His father wrote: Hi Ross, The magic TRM hat works on perch as well as trout!! He did it all apart from unhooking it. I had a huge proud dad moment.
Felix has no idea of the problems he created. While having a cup of tea with some other TRM inmates they started asking for more info about the scribe’s history, demanding full info on my own fishing history? They claimed that as we had misled them and they had endured TRM reports for the last 12 years, they had every right to insist on knowing more of my inexperience (?) and lack of qualifications to write about it.
They even threatened to interview me on a TRM inmates interview!
Fair enough Trev and Paddy – so here goes: (apologies for the grainy iPad images from the old photo album)
We used a cunning strategy. As I could not cast the line far enough we had to fish in pairs with one kid carrying the line out over the railway bridge to drop it into the stronger current, for the other to wind in, then swopping over. It was slow and physical but remarkably successful too.
A few times we hooked into something much bigger than kawhai that took all our line and gear. There was no way we could hold on to them. We think they were salmon? Kids imagination? I wonder…
Then – as indicated above on left – in summer 1958/59 I graduated to snapper in Paremata Harbour – near Pauatahanui. For these we had our own secret technique. Some old rock weirs had been formed out on the point of the tidal flats near Pauatahanui Harbour. The rocky beds were from an unsuccessful attempt many years before to establish oyster beds. There were not enough oysters for a feed but just enough little oysters to use for ‘ground bait’. So we would sneak out at low tide and crush a couple of oysters so that their oily scent would leak out as the tide came in. Soon after we would see the tell-tale signs of snapper tails waving at us as they tried to suck the oysters off the rocks. It was probably illegal but, as kids, we knew no rules – we just caught fish any way we could. So there you are.
The 1963 image of mass inshore slaughter (above right for Graham Carter?) may also have been illegal as we were not aware of any fishery regulations on minimum catch? Original photo was taken somewhere in the Queen Charlotte Sounds.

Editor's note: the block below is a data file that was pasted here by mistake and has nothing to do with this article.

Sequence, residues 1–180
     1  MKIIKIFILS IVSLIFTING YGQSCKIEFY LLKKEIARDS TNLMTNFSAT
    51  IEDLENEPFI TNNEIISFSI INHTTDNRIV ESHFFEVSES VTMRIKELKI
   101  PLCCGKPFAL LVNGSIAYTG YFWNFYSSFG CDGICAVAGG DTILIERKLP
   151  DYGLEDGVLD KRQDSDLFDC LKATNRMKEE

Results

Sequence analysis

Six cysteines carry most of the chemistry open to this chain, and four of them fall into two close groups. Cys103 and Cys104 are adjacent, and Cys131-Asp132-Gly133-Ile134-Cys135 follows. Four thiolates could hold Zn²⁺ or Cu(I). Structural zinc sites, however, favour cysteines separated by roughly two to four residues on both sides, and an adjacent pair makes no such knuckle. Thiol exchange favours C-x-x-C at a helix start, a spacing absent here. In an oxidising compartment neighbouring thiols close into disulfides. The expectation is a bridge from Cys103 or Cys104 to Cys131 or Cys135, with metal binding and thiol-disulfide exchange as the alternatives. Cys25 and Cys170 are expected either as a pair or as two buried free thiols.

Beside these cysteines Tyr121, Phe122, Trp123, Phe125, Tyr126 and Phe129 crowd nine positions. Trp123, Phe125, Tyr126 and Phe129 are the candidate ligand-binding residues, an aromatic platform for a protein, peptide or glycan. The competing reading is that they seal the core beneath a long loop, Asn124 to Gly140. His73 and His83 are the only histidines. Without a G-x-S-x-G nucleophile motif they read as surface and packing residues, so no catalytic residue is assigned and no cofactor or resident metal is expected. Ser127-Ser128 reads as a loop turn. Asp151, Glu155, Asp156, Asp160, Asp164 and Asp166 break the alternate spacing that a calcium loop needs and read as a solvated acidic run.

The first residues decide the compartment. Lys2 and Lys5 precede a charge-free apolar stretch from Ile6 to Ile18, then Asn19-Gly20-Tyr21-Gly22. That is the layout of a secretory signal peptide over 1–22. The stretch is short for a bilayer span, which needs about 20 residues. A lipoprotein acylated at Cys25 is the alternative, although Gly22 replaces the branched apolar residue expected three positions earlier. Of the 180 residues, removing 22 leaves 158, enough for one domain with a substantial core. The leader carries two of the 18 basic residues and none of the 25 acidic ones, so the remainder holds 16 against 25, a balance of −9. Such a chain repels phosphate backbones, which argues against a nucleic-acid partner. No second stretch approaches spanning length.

The first photo evidence of my graduation to the gentle art of trout fishing was definitely illegal. Army training in 1967 – a Vietnam training exercise, living off the land in a water catchment region where fishing and shooting were not allowed. But as the CO was due for lunch we enjoyed bbq trout entree with venison back steaks for main course. The trout would have been caught on a hand line as well… I hope the statute of limitations should protect me from a fine fifty years later?
So there you are. All that noble family history should satisfy the critics? Hopefully the images confirm the gradual development into a purist angler?
But to be brutally honest, these TRM Daily Reports started out as a commercial blog trawling for new guests – aka inmates. OK? Their preparation keeps me out of the laundry and saves costs on motel advertising and are far more effective.
At the same time it is necessary to try to compensate for my lack of knowledge, by describing the overall serious fly fishing business in a lighter humorous manner, to keep wannabe TRM inmates amused and entertained by witty repartee? The response was outstanding considering my limited computer ability. Most of the reports are pinched from other blogs or facebooks or from inmates’ experiences. The most important lesson from anglers over the last decade is that the most contented and successful are not concerned about catching trout.
These fortunate anglers are more caught up in the enthralling river environment as the best antidote to traffic jams and city stress and family survival struggles. The number of fish landed is very secondary to just being there.
These historic photos have been cleverly selected in chronological order to show what trout fishing is really all about in the end – the eventual discovery of the 100% pure river environment found only by exploring new places to fish… such as above on the Clinton River in Fiordland in 1987.
Not forgetting the delightful people we share the wilderness with who make it exceptionally memorable too… OK?
TRM would love to show some other images of your first fish too. Send them in with your story…